Tag Archives: books-magazines-newspapers
all Sir Garnet

all Sir Garnet

  Sir Garnet Wolseley from The Illustrated Police News (London) of Saturday 21st June 1879       MEANING   highly satisfactory; all right     ORIGIN   This phrase is from the name of Sir Garnet Wolseley (1833-1913), field-marshal and commander-in-chief of the British army, who conducted several successful military expeditions in the Sudan […]

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according to Cocker

    MEANING   correctly; reliably (synonym: according to Gunter)     ORIGIN   Edward Cocker (1631-75), an English engraver who also taught writing and arithmetic, was the reputed author of the popular Cocker’s Arithmetick: Being a Plain and familiar Method, suitable to the meanest Capacity, for the full Understanding of that incomparable Art, as […]

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according to Hoyle

according to Hoyle

  autograph signature of Edmond Hoyle in a copy of A Short Treatise on the Game of Whist (1743 edition)         MEANING   according to plan or the rules     ORIGIN   In Pirates, Autographs, and a Bankruptcy: ‘A Short Treatise on the Game of Whist’ by Edmond Hoyle, Gentleman (published […]

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passéist

passéist

  list of the Manifestes du Mouvement futuriste, from L’Antitradition futuriste: Manifeste-synthèse (29th June 1913) — image : Bibliothèque nationale de France/gallica.bnf.fr     MEANING   – (adjective): having an excessive regard for the traditions and values of the past – (noun): a person, especially a writer or artist, with excessive regard for the traditions and […]

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Ruritania

Ruritania

  illustration by Charles Dana Gibson for the 1898 Macmillan edition of The Prisoner of Zenda – image: The Silver Whistle        Ruritania was originally the name of the fictional kingdom in central Europe which provides the setting of the adventure novels The Prisoner of Zenda (1894) and Rupert of Hentzau (1898), by […]

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comrade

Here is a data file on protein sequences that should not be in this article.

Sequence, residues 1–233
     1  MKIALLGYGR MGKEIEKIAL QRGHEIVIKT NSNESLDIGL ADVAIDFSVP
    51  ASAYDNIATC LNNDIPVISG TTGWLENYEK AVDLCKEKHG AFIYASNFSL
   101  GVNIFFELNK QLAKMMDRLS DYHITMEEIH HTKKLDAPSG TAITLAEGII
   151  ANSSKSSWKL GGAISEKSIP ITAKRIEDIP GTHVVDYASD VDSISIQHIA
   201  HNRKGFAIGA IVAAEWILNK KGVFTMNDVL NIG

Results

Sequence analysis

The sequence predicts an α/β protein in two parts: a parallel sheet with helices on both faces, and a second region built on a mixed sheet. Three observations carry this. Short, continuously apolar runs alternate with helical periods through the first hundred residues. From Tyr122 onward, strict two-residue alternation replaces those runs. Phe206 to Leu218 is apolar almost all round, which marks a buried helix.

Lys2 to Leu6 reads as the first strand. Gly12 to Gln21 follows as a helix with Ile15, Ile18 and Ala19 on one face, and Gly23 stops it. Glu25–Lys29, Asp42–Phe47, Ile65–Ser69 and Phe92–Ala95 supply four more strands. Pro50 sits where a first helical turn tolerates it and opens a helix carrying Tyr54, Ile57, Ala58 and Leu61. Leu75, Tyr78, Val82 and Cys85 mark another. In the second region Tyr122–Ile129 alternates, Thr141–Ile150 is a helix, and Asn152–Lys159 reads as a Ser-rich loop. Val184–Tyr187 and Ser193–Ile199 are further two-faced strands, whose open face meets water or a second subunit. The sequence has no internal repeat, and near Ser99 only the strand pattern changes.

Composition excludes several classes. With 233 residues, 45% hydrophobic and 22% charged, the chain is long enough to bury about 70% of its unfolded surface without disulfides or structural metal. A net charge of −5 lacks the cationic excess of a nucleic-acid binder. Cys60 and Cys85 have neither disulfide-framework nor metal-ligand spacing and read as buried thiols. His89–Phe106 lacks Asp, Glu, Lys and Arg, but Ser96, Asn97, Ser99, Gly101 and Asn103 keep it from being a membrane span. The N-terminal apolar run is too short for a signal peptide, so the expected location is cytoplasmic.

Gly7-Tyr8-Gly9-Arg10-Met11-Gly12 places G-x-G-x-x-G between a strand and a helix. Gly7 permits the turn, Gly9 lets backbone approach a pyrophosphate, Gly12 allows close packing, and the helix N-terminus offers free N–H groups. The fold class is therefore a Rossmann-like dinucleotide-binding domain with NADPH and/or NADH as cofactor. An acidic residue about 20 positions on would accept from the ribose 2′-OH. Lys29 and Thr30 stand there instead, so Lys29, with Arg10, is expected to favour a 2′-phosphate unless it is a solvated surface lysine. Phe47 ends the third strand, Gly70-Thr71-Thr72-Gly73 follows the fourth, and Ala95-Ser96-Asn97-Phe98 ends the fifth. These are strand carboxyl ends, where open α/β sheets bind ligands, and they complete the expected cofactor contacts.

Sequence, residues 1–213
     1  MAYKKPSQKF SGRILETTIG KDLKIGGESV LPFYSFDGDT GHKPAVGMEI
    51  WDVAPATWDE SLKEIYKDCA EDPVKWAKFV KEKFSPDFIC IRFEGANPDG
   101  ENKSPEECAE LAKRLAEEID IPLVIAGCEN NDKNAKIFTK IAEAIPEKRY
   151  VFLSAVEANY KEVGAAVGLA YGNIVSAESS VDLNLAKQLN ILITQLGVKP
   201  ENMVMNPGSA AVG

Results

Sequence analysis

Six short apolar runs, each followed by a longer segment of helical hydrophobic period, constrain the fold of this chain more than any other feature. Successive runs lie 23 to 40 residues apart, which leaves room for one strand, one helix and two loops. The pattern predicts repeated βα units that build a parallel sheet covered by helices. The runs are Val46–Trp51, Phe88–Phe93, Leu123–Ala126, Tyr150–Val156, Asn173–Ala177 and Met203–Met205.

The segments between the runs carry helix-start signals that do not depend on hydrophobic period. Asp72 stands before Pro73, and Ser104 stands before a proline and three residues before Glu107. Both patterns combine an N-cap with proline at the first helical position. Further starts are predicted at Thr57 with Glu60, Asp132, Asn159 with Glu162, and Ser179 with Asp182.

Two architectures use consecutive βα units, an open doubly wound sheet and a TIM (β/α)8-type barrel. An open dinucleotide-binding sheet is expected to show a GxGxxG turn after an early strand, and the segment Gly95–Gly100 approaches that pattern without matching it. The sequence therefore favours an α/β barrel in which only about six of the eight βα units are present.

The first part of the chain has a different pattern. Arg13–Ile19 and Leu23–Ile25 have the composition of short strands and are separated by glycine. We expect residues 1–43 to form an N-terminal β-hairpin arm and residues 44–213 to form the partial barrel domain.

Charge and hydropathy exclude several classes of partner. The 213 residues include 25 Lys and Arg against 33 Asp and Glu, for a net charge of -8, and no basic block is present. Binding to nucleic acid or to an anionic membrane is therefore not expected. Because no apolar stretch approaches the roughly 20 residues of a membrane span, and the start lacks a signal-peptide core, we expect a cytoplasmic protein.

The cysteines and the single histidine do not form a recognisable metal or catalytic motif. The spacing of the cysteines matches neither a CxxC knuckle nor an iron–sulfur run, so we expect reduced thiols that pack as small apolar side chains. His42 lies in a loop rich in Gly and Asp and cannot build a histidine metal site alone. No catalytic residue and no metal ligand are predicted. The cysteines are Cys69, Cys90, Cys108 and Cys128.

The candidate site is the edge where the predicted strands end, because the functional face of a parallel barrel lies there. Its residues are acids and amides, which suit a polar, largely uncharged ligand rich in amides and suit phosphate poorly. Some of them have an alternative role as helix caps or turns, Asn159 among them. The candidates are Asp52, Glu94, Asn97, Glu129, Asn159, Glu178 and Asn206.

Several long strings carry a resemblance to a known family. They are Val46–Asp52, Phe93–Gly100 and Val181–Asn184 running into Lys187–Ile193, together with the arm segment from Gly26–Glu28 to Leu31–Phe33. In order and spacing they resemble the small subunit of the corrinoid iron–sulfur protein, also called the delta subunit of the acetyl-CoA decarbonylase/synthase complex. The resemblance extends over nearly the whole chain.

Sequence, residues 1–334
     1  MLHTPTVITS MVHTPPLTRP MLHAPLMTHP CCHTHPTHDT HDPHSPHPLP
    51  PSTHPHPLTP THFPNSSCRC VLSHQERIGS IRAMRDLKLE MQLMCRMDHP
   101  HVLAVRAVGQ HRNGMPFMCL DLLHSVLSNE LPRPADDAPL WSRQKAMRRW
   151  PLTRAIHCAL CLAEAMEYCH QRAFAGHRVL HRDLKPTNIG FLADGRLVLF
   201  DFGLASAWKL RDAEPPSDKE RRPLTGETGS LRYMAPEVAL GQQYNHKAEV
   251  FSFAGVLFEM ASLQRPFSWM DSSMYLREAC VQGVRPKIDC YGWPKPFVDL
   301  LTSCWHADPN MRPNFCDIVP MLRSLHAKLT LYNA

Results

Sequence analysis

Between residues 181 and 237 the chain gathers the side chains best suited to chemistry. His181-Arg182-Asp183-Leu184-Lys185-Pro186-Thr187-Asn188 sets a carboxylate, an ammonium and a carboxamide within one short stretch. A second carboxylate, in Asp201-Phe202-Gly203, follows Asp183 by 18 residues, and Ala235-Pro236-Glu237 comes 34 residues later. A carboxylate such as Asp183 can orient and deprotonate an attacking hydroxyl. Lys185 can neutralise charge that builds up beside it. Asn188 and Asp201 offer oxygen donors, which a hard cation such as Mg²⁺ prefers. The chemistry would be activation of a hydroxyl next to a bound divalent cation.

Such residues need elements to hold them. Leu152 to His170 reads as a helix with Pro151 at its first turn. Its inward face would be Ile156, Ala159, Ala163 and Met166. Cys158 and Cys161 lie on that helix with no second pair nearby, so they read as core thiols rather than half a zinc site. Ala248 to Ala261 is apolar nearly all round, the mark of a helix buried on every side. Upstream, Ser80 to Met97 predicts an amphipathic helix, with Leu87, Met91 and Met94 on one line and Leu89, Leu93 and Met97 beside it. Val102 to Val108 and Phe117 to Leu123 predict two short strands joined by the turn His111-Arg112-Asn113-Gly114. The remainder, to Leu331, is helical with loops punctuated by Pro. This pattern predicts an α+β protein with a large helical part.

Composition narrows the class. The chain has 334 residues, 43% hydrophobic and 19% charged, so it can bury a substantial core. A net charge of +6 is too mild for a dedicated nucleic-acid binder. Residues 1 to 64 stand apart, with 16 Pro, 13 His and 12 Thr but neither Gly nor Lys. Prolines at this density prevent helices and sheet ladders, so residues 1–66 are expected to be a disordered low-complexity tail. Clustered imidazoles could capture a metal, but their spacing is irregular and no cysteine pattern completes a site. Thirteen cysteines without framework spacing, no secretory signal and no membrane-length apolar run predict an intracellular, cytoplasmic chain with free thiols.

comrade

        In Spanish, from the noun cámara (from Latin camera), meaning a chamber, a room, was derived the collective feminine noun camarada, a military term attested in the mid-16th century in the sense of chambered or cabined (company). (The French feminine noun chambrée, from chambre, room, has the same meaning.) In Spanish, […]

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a stiff upper lip

a stiff upper lip

  first edition cover of Stiff Upper Lip, Jeeves (1963), by the English author P. G. Wodehouse (1881-1975) – image: Goldsboro Books     MEANING   a quality of uncomplaining stoicism     ORIGIN   The word lip occurs in phrases referring to certain actions regarded as indicative of particular states of feeling. For example, […]

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‘pleb’

‘pleb’

  MEANING   informal and derogatory: an ordinary person, especially one from the lower social classes     ORIGIN   The noun pleb, which appeared in the late 18th century, is a shortened form of plebeian. The plural plebs, meaning the common people, dates back to the late 16th century. It is from Latin plebs/plebis, […]

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Wuthering Heights

Wuthering Heights

  The remote, abandoned farm of Top Withens (or Top Withins) is often thought of as the inspiration for the Wuthering Heights farmhouse. — Source and photograph: The Reader’s Guide to Emily Brontë’s “Wuthering Heights”       The obsolete Scottish and dialectal English verb to whither is from an assumed Old Norse verb hviðra, […]

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in someone’s good books – blacklist

in someone’s good books – blacklist

  The Black Book of the Exchequer photograph: The National Archives/History of government         The earliest black books were record books or ledgers usually relating to finance or administration, and the adjective seems to have had no other significance than to indicate the colour of the binding. For example, in a letter […]

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